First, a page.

LONDON — A new study suggests that high blood pressure during early pregnancy is what raises the risk of major birth defects — not the medicines used to control the condition, as previously thought.
Pregnant women have been warned for years to avoid drugs called ACE inhibitors during the later stages of pregnancy to avoid the possibility of birth defects. But whether it was safe to take them during the first trimester wasn’t clear.
A 2006 paper concluded no, and two later studies found an increased risk with other blood pressure drugs as well.
Researchers behind a new, larger study suggest it’s the high blood pressure itself that is responsible for the higher risk of birth defects, not the medications.
Compared to women without high blood pressure, those with the condition were more likely to have babies with congenital heart, brain or spinal cord defects regardless of whether they were taking ACE inhibitors, other medications, or getting no treatment at all, the study found.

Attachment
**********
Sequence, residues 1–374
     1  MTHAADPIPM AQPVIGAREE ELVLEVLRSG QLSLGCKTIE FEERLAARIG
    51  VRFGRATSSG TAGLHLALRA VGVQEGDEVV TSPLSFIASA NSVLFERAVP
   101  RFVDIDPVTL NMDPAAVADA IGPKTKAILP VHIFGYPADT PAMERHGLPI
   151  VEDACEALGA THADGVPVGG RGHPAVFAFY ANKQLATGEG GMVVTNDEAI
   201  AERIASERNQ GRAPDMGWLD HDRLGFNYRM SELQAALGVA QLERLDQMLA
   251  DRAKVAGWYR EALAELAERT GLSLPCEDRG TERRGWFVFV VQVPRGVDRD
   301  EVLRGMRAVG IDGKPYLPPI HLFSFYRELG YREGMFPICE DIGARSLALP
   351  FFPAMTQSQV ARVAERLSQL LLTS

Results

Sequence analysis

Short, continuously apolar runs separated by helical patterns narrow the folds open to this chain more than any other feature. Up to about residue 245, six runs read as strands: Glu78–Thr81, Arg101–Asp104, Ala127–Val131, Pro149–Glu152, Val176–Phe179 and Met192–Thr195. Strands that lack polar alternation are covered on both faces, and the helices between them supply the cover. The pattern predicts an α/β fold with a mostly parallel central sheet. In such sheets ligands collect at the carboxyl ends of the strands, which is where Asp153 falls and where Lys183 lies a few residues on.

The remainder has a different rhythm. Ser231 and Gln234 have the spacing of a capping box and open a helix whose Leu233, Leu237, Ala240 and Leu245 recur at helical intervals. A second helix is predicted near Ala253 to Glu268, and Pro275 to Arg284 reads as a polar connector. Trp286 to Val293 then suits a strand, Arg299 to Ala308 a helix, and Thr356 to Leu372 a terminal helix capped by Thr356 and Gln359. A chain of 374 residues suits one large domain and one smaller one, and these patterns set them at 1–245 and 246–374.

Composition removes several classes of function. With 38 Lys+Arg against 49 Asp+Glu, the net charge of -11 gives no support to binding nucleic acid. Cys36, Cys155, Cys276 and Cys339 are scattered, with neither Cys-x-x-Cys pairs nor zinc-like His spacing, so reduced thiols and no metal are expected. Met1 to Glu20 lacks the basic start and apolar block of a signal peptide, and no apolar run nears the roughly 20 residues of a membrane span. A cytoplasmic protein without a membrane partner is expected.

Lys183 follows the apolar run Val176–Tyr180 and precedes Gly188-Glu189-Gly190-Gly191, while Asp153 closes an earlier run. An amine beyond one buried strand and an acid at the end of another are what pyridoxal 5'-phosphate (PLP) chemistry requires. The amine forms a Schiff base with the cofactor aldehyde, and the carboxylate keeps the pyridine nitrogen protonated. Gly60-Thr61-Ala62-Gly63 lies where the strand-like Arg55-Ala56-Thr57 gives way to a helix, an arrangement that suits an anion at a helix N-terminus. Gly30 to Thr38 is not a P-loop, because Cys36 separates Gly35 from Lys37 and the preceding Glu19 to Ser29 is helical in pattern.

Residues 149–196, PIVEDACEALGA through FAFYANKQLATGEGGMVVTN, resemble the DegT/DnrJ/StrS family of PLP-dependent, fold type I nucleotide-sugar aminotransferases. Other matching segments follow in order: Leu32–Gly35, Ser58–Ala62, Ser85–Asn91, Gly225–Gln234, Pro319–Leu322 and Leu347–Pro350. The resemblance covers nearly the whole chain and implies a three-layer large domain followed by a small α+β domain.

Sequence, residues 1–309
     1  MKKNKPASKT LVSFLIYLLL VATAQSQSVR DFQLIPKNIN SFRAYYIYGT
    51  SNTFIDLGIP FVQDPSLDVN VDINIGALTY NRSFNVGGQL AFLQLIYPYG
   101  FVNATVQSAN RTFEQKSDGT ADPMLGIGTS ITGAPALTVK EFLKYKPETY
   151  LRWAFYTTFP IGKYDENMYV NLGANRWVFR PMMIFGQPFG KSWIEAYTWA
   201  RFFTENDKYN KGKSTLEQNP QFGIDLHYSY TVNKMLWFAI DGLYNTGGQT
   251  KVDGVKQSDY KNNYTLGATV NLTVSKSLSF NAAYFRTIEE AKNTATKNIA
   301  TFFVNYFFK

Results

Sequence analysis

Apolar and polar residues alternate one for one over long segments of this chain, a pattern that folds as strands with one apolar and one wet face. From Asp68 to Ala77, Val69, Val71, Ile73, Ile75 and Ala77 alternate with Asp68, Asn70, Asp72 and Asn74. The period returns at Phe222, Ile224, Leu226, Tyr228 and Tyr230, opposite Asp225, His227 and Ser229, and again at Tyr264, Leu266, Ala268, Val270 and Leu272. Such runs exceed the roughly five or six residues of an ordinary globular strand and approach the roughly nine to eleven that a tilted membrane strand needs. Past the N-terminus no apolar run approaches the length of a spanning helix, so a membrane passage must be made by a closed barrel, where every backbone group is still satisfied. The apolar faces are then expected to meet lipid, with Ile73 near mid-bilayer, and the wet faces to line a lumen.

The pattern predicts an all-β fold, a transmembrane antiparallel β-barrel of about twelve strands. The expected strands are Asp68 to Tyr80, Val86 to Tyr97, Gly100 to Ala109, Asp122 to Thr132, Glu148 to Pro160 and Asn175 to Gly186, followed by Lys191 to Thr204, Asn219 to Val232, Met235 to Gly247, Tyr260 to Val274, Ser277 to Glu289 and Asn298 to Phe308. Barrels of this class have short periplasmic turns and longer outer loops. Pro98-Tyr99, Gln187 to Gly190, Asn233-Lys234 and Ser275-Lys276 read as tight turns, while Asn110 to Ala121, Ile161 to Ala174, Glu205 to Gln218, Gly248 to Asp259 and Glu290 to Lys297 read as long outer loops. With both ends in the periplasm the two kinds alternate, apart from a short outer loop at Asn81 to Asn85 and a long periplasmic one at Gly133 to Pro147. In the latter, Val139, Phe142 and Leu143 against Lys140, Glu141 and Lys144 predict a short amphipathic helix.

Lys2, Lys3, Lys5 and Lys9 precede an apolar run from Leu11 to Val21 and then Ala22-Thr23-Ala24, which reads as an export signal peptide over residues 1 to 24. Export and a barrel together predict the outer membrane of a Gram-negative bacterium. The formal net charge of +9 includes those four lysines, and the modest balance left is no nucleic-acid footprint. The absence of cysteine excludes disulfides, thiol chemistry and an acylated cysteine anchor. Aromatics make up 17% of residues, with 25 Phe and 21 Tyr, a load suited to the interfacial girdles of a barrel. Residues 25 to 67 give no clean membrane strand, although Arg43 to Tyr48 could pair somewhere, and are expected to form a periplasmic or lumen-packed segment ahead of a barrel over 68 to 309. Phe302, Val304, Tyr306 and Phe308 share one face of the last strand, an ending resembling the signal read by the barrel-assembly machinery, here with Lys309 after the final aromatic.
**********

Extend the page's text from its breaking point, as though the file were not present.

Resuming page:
Dr. James Walker, a spokesman for Britain’s Royal College of Obstetricians and Gynaecologists who was not linked to the research, said it was reassuring that blood pressure drugs taken in early pregnancy probably weren’t raising the risk of birth defects.
He said ACE inhibitors are not commonly prescribed to pregnant women because of past concerns, and that the main worry has been getting them off the drugs as soon as they are pregnant.
“What this study does is reassure us women can stay on the drug until they’re pregnant and then stop,” he said. “You never know how long someone is going to take to get pregnant and if they come off a blood pressure drug for too long, it could be bad for them.”
In the U.S., the Food and Drug Administration advises women to switch from ACE inhibitors to other drugs once they are pregnant, but there is no warning against using them, as there is for use in the second and third trimesters of pregnancy.